(Bloomberg) -- Sign up here to receive the Davos Diary, a special daily newsletter that will run from Jan. 20-24.Microsoft Corp’s chief executive officer said he worries that mistrust between the U.S. and China will increase technology costs and hurt economic growth at a critical time.Using the $470 billion semiconductor industry as an example of a sector that is already globally interconnected, Satya Nadella said the two countries will have to find ways to work together, rather than creating different supply chains for each country.“All you are doing is increasing transaction costs for everybody if you completely separate,” Nadella said in an interview with Bloomberg News Editor-in-Chief John Micklethwait at Bloomberg’s The Year Ahead conference in Davos. That’s a concern as the executive said the world is on the cusp of a revolution around technology and artificial intelligence.“If we take steps back in trust or increase transaction costs around technology, all we are doing is sacrificing global economic growth,” he said.The Trump administration is considering steps to further limit the ability of U.S. companies to supply Huawei Technologies Co., China’s flagship tech company, in addition to pressuring countries around the world to avoid using its equipment for 5G mobile networks.The agreement signed last week between the U.S. and China was “not sufficient,” said Nadella, but represented “progress” on the issue of intellectual property protections for U.S. technology companies working with China.To enable different countries to use technology from outside their borders, Nadella suggested a system that relies on verification. For example, Microsoft has set up technology centers where various governments can inspect the Windows source code to satisfy themselves as to the security of the product.“There has to be a way for any country to be able to trust, through verification, the technology that they are using as part of a their infrastructure,” he said. “Mechanisms like that have to be in place, and then build trade on top of it instead of thinking of trade and trust as the same thing.”Two InternetsNadella said he worries about the development of two separate internets, noting that to some degree they already exist “and they will get amplified in the future” with massive technology companies already in place in China.The viewpoint clashes with Microsoft co-founder Bill Gates, who has been skeptical about the idea that ongoing U.S.-China trade tensions could ever lead to a bifurcated system of two internets.China and the U.S. are the two leading AI superpowers, however the cooling political relations between them have slowed the international collaboration.Even amid the tensions, countries should find ways to establish global norms around cybersecurity -- such as agreements not to hack each other’s citizens -- privacy and responsible AI, Nadella said. “Despite whatever trade dynamic causes people to separate, you would hope people would recognize we all benefit from more global norms, not less.“ Earlier this month, in a blog post about his goals for the year, Nadella said these areas are essential to earn and sustain people’s trust.Nadella also warned that countries that fail to attract immigrants will lose out as the global tech industry continues to grow. The CEO has previously voiced concern about India’s Citizenship Amendment Act, which bans undocumented Muslim migrants from neighboring countries from seeking citizenship in India while allowing immigrants from other religions to do so, calling it “sad.”“Every country is rethinking what is in their national interest,” he said. Governments need to “maintain that modicum of enlightenment and not think about it very narrowly,” Nadella said, adding that “people will only come when people know you’re an immigrant-friendly country.“However, Nadella said he remained hopeful. “I’m an India optimist,” he said. “The fact that there is a 70-year history of nation building, I think it’s a very strong foundation. I grew up in that country. I’m proud of that heritage. I’m influenced by that experience.”Carbon IssuesMicrosoft has recently unveiled plans to invest $1 billion to back companies and organizations working on technologies to remove or reduce carbon from the atmosphere, saying efforts to merely emit less carbon aren’t enough to prevent catastrophic climate change.“We will now have to make sure all our data center operations are first consuming renewable energy,” Nadella said.Microsoft and Amazon.com Inc., along with other technology companies, have been criticized for supplying software and cloud services to large oil and gas companies like Chevron Corp. and BP Plc. BlackRock Inc.’s Larry Fink has been trailed to work and public engagements by protesters decrying the investment firm for inaction on global warming and other issues.Activists have been pushing for companies to stop working with the largest producers of greenhouse gases. BlackRock has said it will cut exposure to thermal coal as the world’s largest asset manager moves to address climate change.Nadella declined to comment on whether Microsoft would stop working with the major carbon producers. “The energy transition is going to include all of us,” he said.(Updates with comment about global policies on security, privacy in 12th paragraph)To contact the reporters on this story: Dina Bass in Seattle at email@example.com;Amy Thomson in London at firstname.lastname@example.orgTo contact the editors responsible for this story: Giles Turner at email@example.com, Molly SchuetzFor more articles like this, please visit us at bloomberg.comSubscribe now to stay ahead with the most trusted business news source.©2020 Bloomberg L.P.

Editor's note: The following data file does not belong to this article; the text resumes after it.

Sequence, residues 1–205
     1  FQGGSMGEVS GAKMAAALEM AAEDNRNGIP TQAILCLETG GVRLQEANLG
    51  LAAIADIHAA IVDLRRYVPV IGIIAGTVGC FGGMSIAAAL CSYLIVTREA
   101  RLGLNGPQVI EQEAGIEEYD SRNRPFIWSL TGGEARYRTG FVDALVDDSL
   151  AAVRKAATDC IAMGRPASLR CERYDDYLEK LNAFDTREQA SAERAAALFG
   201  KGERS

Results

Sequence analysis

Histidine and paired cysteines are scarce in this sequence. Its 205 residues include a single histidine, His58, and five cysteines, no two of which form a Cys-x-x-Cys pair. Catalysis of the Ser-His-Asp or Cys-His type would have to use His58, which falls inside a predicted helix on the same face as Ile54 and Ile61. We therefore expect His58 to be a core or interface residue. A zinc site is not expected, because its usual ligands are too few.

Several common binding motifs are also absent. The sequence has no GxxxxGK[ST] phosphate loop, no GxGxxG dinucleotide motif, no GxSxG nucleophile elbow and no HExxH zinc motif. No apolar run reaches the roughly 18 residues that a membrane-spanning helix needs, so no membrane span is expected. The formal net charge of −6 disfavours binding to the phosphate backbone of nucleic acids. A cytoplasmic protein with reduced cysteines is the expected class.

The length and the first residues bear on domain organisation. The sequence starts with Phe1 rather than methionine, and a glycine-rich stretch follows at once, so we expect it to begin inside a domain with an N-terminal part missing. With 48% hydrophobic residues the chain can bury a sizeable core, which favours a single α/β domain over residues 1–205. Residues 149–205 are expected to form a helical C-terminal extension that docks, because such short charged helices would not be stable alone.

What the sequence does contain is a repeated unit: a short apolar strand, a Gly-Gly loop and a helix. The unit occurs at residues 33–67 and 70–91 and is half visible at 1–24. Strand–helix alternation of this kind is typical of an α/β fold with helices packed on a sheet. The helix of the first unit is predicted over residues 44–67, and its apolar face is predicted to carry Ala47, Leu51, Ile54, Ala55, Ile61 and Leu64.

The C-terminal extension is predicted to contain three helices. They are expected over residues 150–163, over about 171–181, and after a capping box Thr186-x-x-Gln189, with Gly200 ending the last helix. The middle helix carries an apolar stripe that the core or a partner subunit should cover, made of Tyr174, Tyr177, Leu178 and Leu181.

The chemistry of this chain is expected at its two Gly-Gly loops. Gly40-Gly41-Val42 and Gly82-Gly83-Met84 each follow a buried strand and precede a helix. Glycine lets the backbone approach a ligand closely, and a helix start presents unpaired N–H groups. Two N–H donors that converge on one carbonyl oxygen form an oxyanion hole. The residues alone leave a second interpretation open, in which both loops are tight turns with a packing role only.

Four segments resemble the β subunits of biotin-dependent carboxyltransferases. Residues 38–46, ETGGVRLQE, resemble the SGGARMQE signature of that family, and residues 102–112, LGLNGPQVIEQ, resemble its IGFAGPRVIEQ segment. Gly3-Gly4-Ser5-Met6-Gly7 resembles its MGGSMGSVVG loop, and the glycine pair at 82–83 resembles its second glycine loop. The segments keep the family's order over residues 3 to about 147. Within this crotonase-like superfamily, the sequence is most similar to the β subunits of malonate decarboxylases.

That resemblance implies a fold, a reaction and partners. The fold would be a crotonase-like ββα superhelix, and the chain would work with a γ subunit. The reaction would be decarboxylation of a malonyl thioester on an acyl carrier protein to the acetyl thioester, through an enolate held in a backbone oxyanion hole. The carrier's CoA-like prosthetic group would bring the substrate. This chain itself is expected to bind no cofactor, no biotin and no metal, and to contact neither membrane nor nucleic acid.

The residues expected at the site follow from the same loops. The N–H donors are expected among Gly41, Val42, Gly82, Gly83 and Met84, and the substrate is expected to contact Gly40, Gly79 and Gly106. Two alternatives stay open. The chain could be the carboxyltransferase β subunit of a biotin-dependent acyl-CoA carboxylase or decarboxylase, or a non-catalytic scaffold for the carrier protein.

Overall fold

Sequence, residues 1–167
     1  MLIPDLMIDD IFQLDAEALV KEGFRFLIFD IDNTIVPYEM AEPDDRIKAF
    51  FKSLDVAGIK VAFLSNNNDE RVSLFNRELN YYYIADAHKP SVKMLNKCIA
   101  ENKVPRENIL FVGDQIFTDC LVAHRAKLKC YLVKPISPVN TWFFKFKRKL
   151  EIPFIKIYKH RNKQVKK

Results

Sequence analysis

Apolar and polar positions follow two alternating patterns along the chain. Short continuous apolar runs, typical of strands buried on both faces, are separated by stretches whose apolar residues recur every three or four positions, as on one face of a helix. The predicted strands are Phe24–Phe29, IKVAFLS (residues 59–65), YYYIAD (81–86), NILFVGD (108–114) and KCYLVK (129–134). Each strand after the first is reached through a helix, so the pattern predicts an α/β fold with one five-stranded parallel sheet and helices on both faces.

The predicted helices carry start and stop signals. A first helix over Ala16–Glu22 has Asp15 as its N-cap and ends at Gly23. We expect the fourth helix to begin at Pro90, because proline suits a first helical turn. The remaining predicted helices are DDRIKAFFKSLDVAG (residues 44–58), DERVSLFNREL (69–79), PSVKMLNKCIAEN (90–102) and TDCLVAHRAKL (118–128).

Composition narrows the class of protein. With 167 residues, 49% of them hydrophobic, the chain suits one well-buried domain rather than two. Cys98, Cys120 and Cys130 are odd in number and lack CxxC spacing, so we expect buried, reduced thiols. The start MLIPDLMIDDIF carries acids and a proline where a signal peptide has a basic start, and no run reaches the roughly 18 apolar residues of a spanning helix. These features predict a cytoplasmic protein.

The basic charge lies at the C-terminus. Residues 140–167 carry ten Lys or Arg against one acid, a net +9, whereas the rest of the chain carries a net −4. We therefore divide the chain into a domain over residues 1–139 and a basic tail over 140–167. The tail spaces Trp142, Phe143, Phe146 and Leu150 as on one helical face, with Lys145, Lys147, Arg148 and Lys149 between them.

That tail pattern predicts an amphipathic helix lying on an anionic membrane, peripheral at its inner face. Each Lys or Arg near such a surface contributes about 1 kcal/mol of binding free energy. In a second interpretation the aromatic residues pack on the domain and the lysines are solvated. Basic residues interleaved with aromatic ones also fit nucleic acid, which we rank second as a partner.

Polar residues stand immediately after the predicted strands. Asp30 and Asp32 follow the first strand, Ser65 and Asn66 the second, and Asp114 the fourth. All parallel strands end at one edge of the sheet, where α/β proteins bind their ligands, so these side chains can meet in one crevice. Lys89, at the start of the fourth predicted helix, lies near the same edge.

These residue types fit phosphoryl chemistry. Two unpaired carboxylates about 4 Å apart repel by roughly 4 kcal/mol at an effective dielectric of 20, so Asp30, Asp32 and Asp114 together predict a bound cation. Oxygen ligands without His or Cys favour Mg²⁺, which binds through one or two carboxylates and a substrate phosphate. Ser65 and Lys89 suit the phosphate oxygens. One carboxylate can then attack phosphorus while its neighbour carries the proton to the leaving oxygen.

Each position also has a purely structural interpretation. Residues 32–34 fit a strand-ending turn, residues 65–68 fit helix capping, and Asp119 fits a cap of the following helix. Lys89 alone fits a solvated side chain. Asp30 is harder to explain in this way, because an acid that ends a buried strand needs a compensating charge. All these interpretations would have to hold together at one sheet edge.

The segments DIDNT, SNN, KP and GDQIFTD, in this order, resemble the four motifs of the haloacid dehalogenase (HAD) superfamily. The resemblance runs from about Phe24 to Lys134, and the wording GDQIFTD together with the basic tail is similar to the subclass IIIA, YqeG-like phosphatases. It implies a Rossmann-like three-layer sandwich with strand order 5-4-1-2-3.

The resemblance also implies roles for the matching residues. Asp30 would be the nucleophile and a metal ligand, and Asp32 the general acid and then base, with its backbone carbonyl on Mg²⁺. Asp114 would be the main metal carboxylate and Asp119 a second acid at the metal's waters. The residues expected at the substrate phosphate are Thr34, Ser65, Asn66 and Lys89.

Given SM Energy's (SM) increasing focus on oil, specifically in the Permian and Eagle Ford regions, we believe that the company will be able to boost oil-weighted activity.